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Law-School Professors Face Less Job Security; Changes Promise to Make It Easier to Pare Faculty as Enrollment Declines

August 11, 2013, 7:18 p.m. ET

Law-School Professors Face Less Job Security

Changes Promise to Make It Easier to Pare Faculty as Enrollment Declines

JENNIFER SMITH

SAN FRANCISCO—The main body that accredits U.S. law schools is moving to reduce job protections for law professors, who have long enjoyed the security of academic tenure. The shift comes at a time of plunging student enrollment, and could make it easier for law schools to trim the ranks of full-time faculty, whose salaries consume a considerable share of tuition dollars. Some law schools that are struggling to balance their budgets have dismissed administrative staff in recent months. Others are offering buyouts to reduce the number of tenured professors or are leaving empty posts unfilled.Most U.S. colleges and universities have some sort of tenure system intended to protect academic freedom. But law schools are somewhat unusual among professional schools, because the American Bar Association requires them to grant tenure to certain full-time faculty as a condition of accreditation.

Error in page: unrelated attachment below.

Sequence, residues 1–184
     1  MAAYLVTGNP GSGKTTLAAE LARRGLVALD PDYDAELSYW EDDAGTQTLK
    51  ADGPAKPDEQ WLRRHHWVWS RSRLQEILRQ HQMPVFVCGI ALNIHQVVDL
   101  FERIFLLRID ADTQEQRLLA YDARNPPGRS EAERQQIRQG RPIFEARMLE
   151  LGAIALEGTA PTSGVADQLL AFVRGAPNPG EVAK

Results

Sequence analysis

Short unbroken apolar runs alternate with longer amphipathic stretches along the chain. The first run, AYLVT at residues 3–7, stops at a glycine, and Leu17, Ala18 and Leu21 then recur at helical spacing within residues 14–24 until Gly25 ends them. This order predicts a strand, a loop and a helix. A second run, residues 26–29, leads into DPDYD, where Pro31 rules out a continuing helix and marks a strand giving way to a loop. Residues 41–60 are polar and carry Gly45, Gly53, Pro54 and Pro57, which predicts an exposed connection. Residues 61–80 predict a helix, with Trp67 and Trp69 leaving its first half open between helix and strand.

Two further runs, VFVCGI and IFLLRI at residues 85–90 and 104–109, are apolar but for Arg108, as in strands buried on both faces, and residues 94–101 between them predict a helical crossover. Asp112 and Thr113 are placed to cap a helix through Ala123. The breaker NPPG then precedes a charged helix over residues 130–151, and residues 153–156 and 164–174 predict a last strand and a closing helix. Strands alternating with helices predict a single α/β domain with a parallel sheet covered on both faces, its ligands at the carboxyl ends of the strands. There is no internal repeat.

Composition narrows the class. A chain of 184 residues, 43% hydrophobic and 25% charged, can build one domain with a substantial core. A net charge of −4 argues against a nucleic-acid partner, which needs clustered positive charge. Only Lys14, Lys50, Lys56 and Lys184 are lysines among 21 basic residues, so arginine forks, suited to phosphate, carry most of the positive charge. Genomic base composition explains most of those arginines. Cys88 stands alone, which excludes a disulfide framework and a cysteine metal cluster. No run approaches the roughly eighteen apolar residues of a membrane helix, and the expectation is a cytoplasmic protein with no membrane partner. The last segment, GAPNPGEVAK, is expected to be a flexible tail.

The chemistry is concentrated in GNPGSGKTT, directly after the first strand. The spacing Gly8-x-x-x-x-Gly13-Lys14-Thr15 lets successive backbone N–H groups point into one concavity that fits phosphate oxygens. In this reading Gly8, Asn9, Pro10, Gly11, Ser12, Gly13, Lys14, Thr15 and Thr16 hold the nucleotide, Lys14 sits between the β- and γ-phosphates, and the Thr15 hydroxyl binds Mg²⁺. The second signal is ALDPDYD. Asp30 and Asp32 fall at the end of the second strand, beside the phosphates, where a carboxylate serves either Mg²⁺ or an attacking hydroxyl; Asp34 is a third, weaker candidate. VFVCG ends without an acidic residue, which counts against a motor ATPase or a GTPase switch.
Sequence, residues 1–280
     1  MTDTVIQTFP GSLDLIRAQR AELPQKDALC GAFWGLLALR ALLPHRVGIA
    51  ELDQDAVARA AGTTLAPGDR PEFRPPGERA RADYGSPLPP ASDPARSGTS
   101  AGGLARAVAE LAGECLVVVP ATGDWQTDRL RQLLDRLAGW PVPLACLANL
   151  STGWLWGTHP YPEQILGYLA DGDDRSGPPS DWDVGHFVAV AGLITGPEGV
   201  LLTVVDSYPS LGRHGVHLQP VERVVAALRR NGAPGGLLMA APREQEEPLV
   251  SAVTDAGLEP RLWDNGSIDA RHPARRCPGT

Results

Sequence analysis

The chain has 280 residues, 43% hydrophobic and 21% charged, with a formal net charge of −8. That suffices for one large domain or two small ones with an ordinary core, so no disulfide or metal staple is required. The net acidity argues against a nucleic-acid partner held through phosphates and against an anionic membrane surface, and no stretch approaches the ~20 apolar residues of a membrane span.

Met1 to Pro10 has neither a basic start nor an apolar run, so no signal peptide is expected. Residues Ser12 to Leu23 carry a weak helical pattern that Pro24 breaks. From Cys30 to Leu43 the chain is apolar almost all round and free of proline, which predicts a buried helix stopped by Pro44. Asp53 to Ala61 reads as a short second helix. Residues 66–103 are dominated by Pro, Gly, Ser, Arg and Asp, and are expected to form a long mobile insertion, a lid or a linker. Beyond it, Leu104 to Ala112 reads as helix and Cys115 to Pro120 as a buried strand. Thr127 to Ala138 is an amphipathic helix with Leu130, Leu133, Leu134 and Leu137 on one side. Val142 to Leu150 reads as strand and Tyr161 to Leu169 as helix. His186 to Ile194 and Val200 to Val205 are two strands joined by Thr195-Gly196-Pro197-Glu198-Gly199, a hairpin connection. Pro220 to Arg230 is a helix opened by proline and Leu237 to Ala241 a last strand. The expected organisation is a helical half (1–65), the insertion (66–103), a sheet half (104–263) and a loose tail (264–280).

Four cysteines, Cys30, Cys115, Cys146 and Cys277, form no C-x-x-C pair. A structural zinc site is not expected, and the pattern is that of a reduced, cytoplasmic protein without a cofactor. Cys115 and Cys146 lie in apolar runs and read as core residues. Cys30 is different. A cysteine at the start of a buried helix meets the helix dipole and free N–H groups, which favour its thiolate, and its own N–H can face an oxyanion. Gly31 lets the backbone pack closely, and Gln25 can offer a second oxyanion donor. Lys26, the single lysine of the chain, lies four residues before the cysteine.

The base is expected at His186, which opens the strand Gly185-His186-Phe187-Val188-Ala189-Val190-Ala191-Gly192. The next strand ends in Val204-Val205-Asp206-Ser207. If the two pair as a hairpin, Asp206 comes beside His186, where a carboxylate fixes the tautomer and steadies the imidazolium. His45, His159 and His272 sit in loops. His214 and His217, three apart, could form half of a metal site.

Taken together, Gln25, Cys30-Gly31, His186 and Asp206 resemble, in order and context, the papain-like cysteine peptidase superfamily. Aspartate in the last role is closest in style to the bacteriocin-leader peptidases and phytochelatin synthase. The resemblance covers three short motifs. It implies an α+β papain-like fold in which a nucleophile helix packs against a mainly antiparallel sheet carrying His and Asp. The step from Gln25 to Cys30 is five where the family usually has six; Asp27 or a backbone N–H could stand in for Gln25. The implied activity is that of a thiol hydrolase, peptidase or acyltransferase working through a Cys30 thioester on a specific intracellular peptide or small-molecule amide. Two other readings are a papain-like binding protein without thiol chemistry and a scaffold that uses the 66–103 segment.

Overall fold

Those protections would be scaled back under two competing proposals approved last week at the ABA’s annual meeting in San Francisco.

One version of the changes would require law schools to offer some more-limited form of job security to full-time faculty members, while the other would require only that schools have policies in place to protect academic freedom and to attract and retain “competent full-time faculty.”

The decision to move away from the more-stringent requirement stirred vigorous debate over fairness and whether the current job-security mandates hampers law schools’ abilities to rein in costs as student enrollment declines.

“The problem is, the fixed costs we have sit in tenured faculty,” said Maureen O’Rourke, dean of Boston University School of Law and a member of the governing council of the ABA’s section of legal education and admissions to the bar. “I understand the need for academic freedom…. But as an industry we have a need for flexibility that we just don’t have right now.”